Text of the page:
Judge Won't Sign Warrant for Fatal Pawcatuck Blaze

Stonington — In the early morning of July 3, 2007, Joy Blinn turned on a burner on the gas stove in her first-floor Pawcatuck apartment and used the flame to light a cigarette. She left some freshly laundered clothes on top of the stove.

Five minutes later, while she worked on her computer in an adjacent room, she heard an explosion and saw flames on the stove and in the wall behind it. The fire ripped through the three-story house at 5 Cherry St., killing 62-year-old John Hanson, who lived in the second-floor apartment.

Blinn said she did not leave the burner on. Instead, she blames an oven that she said had been going on and off by itself over the previous three months, although she had not notified her landlord.

Following an investigation by Pawcatuck Fire Marshal Kevin Burns, the state fire marshal's office and police, the New London State's Attorney's Office submitted a warrant application that would have charged Blinn, 37, with criminally negligent homicide.

New London Superior Court Judge James Abrams, though, refused to sign the warrant.

Burns, whose office inspects about 1,000 apartments and buildings each year, was clearly frustrated and upset with the judge's decision this week, especially since 10 days before the fire his office cited the house's owner, Sebastian Laria, for unsafe conditions in Blinn's and Hanson's apartments and ordered them fixed.

During an inspection, Assistant Fire Marshal Kevin Riley had found a 3-foot pile of laundry wedged between the refrigerator and a wall in Blinn's apartment, which she was told about. A large amount of combustible items, which Riley said constituted a fire hazard, was found in Hanson's apartment. A broken smoke detector was immediately replaced.

“We try our best to perform the inspections as required by state law,” Burns said. “We can only do our part. It's up to the residents to heed our warnings.”

Burns also was upset that the state attorney's office rebuffed his repeated attempts to meet and discuss the case.

Burns is worried that the apartment where Blinn now lives at 25 Noyes Ave. recently had some of the same violations as the house that burned on Cherry Street. During a Dec. 5 inspection that occurred when Blinn reported problems with her new stove, Burns found garbage placed next to the oven, a window in her daughter's room blocked by furniture, another exit blocked, and wrong-sized fuses installed in the apartment. A battery was found under one of the burners on the stove. Burns said he temporarily had the gas supply shut off and made sure the violations were corrected and the stove fixed.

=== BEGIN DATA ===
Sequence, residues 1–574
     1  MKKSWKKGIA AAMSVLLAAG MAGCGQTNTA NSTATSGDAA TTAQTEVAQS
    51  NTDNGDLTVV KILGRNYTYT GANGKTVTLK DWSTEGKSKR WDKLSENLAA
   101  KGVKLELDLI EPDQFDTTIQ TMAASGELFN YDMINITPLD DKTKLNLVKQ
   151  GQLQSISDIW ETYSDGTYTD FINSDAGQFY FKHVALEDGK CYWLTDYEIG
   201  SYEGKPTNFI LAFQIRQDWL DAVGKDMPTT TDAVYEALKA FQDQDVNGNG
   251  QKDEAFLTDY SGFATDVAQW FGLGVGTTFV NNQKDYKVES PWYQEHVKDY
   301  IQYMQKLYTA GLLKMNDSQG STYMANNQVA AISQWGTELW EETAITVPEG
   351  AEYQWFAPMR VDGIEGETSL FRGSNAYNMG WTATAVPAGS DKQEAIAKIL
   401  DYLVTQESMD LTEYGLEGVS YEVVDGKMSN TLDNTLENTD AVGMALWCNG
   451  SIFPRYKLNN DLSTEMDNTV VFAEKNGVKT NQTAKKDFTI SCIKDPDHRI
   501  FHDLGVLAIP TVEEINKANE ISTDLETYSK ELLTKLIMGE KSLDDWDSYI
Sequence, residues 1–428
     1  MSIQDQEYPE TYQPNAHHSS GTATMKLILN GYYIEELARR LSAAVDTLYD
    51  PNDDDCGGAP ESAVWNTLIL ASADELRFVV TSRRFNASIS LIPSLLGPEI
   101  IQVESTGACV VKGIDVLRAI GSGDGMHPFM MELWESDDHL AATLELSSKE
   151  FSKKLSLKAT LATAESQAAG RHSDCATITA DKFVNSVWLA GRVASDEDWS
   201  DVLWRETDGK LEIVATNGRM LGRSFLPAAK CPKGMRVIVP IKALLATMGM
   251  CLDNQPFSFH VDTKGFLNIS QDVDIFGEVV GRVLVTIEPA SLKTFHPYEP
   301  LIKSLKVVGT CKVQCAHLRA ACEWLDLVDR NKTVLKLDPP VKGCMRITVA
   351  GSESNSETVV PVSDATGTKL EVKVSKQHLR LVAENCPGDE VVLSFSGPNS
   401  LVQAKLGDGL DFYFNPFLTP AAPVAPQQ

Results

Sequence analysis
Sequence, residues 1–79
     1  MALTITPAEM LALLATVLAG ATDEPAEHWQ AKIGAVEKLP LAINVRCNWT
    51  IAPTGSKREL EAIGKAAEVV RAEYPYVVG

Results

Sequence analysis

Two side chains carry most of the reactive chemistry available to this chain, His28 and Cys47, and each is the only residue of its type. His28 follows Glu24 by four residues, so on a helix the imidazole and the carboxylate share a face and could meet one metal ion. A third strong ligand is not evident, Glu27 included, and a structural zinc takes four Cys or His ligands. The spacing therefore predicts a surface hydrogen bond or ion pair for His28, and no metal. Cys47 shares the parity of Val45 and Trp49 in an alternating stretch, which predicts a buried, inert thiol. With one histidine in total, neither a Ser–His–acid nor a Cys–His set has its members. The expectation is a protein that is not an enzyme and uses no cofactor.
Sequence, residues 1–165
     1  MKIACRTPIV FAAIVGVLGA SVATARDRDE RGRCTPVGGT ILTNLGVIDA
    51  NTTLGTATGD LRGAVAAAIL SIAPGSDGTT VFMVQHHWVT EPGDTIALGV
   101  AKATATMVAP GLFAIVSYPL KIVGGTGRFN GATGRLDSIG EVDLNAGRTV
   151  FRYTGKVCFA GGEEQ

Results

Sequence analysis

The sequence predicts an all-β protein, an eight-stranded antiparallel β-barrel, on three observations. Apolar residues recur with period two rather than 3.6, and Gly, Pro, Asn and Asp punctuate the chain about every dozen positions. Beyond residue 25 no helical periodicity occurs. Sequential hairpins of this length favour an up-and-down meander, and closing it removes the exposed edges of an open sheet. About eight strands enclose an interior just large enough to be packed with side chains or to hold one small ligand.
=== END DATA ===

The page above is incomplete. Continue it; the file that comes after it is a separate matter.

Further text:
Blinn said Monday she still has problems with the pilot light on the stove overheating.

“I'm moving because I don't feel safe here,” she said.

Abrams and Detective Sgt. David Knowles declined to discuss the case this week. Supervisory Assistant State's Attorney Peter McShane did not respond to phone messages.

Blinn said Monday she did not know why police were trying to charge her when it was the stove blowing up that started the fire.

“I'm not a moron,” she said. “I'd never put clothes on a lit burner.”

Blinn said fire officials are trying to blame her for the fire because they were unable to save Hanson.

“I absolutely believe John would be alive today if they had done their job,” she said.

Fire Chief Thomas Long and Burns have said the thick smoke, a bureau that partially blocked a window, and the large amount of clutter in Hanson's apartment prevented firefighters from reaching Hanson before he died from smoke inhalation.

To find Blinn guilty of criminally negligent homicide, the state would not have to prove that she intended to cause Hanson's death. Instead, it would have to show that she failed “to perceive a substantial and unjustifiable risk” that a death could occur.

It would also have to show that her failure to perceive the risk constituted a gross deviation from what a reasonable person would observe in the same situation.

In his report, a state's attorney's office investigator said the stove was not examined by investigators and that it is in the custody of the insurance company. It also stated that Hanson failed to clear out his apartment and that his body was found by a window that had been blocked, inhibiting rescue attempts.

In a handwritten note to police on Dec. 19, McShane reported that Abrams had refused to issue the warrant and that the judge “could not get past the criminal intent.” The charge, though, does not involve intent to commit a crime. McShane complimented police for preparing a well-written warrant.

The warrant application states that the state fire marshal concluded the fire originated on the first floor and “the ignition source is more probable than not the stove.”

Blinn said that in the three months before the fire, the oven would suddenly go on, heating up the kitchen to high temperatures. She also said that when the burners would not light she would hit them with a pan, something she did the night of the fire. She said it had slipped her mind to tell her landlord about the problems.

Blinn said she always placed clothes on the stove because it was next to the washer and dryer.

While the clothes did catch fire that night, she said the majority of the fire was in the back of the stove and not in the front where she had moved the clothes.

When the fire broke out she said she grabbed her 3-year-old daughter and went into the hall yelling for tenants on the second and third floor to get out.

“I saved three people,” she said, “and now they want to charge me.”
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